This course covers the basic principles of radiographic image formation in didactic lecture, and is followed by a systems-based, case-based approach to small animal radiography of the thorax, abdomen, forelimb, hindlimb, vertebral column, and skull.
The course covers the principles of radiographic image formation, radiation safety concerns, and normal radiographic anatomy of the horse and bovine, with labs using case-based systems-based examples.
Principles of radiography are reviewed, including the various potential hazards of radiation. Radiographic imaging techniques utilized in small and large animal species are described along with other imaging methods such as ultrasonography, CT, and MRI as well as the basic principles/practices of radiation therapy. In small-group film-reading sessions, students practice proper interpretation of radiographs.
The course is an introductory surgical course designed to introduce basic surgical principles and skills that will serve to prepare the student for veterinary surgery. Didactic and laboratory discussions include basic surgical principles: asepsis, sterilization, and disinfection; surgical instrumentation and surgical techniques; surgeon and patient preparation; suture materials and surgical needles; and hemostasis, wound healing and wound management. Surgical skills mastered during the laboratory sessions include knot tying, suture patterns (skin, hollow organ, and tendon), ligatures, surgical drape application, and bandaging. Students are provided opportunities to practice surgical skills using both live tissue, simulation models (i.e., skin and intestine), and suture boards.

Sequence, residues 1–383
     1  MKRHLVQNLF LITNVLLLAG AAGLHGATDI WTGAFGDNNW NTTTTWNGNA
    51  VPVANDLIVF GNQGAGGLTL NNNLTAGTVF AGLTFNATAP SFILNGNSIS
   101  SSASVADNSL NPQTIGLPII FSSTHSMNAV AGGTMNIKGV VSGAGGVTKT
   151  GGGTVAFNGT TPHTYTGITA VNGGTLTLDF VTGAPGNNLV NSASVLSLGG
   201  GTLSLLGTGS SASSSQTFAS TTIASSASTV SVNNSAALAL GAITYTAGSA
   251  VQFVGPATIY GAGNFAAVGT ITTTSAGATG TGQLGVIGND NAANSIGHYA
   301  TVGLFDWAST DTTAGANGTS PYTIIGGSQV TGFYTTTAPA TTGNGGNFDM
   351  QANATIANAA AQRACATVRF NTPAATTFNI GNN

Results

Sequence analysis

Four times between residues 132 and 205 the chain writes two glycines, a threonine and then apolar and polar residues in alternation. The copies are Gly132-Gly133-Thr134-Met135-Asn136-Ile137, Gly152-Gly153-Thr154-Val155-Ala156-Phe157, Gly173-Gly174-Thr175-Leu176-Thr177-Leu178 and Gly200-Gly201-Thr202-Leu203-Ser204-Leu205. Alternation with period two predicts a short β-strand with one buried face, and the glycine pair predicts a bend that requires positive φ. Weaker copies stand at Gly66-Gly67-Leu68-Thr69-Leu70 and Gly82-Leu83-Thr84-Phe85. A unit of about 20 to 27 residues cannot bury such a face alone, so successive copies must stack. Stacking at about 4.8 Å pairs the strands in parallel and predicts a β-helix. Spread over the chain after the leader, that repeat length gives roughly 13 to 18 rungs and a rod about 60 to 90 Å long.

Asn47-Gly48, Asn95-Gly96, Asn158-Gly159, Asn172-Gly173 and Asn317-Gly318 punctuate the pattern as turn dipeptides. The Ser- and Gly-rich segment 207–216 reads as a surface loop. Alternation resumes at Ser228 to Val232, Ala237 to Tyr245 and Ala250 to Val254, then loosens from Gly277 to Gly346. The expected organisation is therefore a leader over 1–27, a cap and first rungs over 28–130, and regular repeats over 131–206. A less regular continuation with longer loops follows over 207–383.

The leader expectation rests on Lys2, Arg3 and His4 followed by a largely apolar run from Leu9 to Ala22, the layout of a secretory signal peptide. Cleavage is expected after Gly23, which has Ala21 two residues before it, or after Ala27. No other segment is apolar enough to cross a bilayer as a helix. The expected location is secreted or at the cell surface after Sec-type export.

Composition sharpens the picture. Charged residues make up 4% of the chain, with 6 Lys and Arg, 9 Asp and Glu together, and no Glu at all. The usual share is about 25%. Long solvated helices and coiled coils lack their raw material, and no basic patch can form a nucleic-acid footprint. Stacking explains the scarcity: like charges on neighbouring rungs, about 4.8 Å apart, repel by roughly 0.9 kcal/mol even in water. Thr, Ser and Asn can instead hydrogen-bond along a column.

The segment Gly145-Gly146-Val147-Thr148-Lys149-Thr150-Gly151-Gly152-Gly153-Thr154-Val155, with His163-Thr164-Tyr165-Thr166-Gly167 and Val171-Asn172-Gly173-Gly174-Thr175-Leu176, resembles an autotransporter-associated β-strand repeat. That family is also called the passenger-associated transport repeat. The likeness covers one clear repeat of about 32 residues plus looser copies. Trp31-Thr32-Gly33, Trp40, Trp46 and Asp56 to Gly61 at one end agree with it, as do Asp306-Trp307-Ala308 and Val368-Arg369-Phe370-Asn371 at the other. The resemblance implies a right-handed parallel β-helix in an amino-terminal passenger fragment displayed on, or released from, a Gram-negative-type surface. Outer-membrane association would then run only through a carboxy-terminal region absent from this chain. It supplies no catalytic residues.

This course is a follow-up to Veterinary Clinical Orientation LAMS 502 and consists of a combination of didactic, hands-on and case-based learning sessions focusing on small animal patients. This course expands the basic physical examination to include specialty examinations including orthopedic, neurologic, dermatologic, and ophthalmologic examinations. The Problem-Oriented Medical Record approach is introduced with use of the SOAP format as students are required to participate in working up "paper cases." The laboratory exercises are tailored to provide the veterinary student with the opportunity to practice medical procedures that are commonly performed in the everyday clinical setting. Use of the SGU Simulation Laboratory allows students a more in-depth experience with cardiac arrhythmias, murmurs, and abnormal respiratory noises as they relate to commonly observed clinical case presentations.